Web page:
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InDesign in India

InDesign Magazine Issue 128 coverThis article appeared in Issue 128 of InDesign Magazine.

A review of publications created with InDesign using Indic scripts.

Ever since I was a child, I have been fascinated by the exotic and mysteriously connected characters that make up the ancient language of Sanskrit—usually written in a script called Devanagari. But Devanagari is just one of dozens of scripts that, together, are called Indic (or Brahmic) scripts—a collection of related “alphabets” used by dozens of languages, including Hindi, Sanskrit, Marathi, Gujarati, Tamil, Telugu, Tibetan, Sinhala, Kannada, and Punjabi. They are among the most beautiful, flowing, calligraphic scripts in the world—read by more than a billion people, and yet rarely seen and used outside the Indian subcontinent (Figure 1).

Figure 1. Indic scripts span a wide variety of glyph styles.

Of course, we are all accustomed to seeing ads or documents written in Latin scripts (such as the so-called Romance languages, the Nordic languages, and hundreds more). Similarly, it’s common to see printed work in Chinese, Arabic, or even Cyrillic (Russian) characters. But we rarely see Indic scripts in professional design—which seems crazy, as Devanagari is the third most-common script in the world!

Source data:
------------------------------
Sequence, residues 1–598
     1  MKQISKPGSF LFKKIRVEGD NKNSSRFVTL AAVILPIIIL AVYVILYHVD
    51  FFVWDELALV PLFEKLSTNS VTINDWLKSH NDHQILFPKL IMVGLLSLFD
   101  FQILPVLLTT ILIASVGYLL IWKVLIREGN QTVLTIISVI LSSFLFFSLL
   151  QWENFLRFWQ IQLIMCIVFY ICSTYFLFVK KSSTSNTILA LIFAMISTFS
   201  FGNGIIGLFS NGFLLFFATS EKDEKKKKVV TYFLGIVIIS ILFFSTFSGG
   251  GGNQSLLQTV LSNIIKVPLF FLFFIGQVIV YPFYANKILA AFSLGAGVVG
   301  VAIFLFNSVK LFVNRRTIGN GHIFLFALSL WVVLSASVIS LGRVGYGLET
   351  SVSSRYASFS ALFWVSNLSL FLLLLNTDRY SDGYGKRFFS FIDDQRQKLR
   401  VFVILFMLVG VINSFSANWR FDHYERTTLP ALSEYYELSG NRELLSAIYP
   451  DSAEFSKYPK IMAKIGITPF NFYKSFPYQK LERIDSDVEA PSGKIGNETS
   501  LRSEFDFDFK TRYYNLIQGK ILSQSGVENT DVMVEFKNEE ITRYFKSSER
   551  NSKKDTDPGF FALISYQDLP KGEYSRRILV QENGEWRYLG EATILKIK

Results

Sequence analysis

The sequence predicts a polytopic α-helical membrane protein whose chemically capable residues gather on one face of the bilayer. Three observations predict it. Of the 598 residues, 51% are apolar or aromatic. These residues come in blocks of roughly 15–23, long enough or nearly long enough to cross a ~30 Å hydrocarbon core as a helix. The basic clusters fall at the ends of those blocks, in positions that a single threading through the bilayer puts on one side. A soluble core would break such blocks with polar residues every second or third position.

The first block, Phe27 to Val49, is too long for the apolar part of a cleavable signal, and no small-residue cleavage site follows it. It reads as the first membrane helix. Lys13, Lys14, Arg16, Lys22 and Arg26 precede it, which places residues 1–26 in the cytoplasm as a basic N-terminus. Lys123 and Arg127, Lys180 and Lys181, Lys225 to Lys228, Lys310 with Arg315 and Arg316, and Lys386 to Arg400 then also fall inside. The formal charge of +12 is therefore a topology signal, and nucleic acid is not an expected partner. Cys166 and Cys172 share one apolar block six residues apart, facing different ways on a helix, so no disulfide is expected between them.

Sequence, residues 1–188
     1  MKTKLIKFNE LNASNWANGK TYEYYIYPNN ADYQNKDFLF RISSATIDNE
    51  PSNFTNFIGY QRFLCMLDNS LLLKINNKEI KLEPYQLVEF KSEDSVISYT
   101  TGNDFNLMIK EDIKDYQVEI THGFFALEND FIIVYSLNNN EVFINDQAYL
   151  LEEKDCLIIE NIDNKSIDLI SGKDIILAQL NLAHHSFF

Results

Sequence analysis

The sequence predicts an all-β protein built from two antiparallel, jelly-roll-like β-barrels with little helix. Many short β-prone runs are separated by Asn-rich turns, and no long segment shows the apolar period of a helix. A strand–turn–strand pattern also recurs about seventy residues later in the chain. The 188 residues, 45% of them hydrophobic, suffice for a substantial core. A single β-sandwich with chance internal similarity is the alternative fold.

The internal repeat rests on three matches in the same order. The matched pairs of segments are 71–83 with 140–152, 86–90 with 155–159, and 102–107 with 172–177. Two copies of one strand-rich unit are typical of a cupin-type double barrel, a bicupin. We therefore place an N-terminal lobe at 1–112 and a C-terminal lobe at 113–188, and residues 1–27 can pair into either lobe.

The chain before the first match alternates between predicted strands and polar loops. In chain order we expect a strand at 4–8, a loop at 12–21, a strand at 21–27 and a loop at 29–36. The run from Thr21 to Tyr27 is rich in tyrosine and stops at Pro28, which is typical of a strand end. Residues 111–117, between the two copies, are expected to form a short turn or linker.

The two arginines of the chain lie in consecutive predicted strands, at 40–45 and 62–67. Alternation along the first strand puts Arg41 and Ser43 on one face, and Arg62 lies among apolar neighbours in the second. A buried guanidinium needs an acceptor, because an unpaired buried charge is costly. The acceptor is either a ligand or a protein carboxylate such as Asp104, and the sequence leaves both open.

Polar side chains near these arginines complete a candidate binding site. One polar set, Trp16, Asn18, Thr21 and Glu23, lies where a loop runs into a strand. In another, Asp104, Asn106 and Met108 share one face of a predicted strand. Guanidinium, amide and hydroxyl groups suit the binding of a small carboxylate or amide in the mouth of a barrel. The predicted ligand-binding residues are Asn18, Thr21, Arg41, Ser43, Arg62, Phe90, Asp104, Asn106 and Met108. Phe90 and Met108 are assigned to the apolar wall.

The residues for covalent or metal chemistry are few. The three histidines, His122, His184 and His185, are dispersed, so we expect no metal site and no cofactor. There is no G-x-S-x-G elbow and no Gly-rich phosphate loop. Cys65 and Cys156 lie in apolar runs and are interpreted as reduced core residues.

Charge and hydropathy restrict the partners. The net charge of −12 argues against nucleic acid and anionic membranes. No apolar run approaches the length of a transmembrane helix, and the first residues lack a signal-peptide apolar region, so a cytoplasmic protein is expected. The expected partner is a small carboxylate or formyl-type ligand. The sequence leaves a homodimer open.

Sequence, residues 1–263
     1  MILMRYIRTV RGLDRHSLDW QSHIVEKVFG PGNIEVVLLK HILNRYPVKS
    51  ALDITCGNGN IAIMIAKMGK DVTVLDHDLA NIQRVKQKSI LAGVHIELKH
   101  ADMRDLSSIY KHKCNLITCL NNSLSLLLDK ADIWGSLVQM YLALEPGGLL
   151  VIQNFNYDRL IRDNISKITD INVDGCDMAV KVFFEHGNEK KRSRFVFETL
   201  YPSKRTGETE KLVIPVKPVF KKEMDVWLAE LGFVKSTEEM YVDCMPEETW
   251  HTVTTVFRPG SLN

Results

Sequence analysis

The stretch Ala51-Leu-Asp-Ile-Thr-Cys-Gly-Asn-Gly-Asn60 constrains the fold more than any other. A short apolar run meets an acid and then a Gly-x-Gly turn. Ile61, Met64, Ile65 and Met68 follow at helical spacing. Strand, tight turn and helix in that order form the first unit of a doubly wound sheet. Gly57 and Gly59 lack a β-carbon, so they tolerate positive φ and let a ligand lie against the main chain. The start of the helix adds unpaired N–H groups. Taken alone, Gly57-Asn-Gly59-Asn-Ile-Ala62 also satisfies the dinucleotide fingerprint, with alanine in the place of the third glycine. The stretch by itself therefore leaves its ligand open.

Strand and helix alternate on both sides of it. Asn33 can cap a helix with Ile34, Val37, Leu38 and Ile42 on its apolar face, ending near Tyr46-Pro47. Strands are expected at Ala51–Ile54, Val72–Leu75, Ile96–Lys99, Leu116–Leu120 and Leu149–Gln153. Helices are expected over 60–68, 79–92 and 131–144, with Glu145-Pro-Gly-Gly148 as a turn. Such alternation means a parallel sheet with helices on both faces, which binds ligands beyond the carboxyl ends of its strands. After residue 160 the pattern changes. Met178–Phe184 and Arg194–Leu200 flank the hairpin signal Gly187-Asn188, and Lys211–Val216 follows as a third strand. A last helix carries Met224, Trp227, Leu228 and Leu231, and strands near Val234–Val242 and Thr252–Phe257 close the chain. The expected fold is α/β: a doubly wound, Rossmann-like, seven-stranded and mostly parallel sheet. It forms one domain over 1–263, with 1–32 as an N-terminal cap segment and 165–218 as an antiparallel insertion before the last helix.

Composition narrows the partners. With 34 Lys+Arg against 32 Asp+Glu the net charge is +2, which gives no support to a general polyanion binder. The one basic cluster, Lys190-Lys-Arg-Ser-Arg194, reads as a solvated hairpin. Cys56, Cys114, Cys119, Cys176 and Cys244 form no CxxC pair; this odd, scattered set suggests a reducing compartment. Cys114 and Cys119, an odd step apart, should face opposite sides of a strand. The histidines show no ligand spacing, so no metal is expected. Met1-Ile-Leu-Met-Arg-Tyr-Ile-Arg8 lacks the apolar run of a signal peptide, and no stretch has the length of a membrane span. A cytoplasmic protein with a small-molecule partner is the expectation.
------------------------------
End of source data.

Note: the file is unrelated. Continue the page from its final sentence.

So this issue of InDesign Magazine is devoted to these amazing languages and writing systems. Let’s take a look at some of the marvelous work being done in these languages and created with Adobe InDesign.

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David Blatner

David Blatner

David Blatner is the co-founder of the Creative Publishing Network, InDesign Magazine, and the author or co-author of 15 books, including Real World InDesign. His InDesign videos at are among the most watched InDesign training in the world. You can find more about David at
David Blatner

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One Comment on “InDesign in India

  1. David Blatner

    Please provide replacement multiple word Script for In-design. That is very useful for regional language.

    [ a > b]
    [ c > d]

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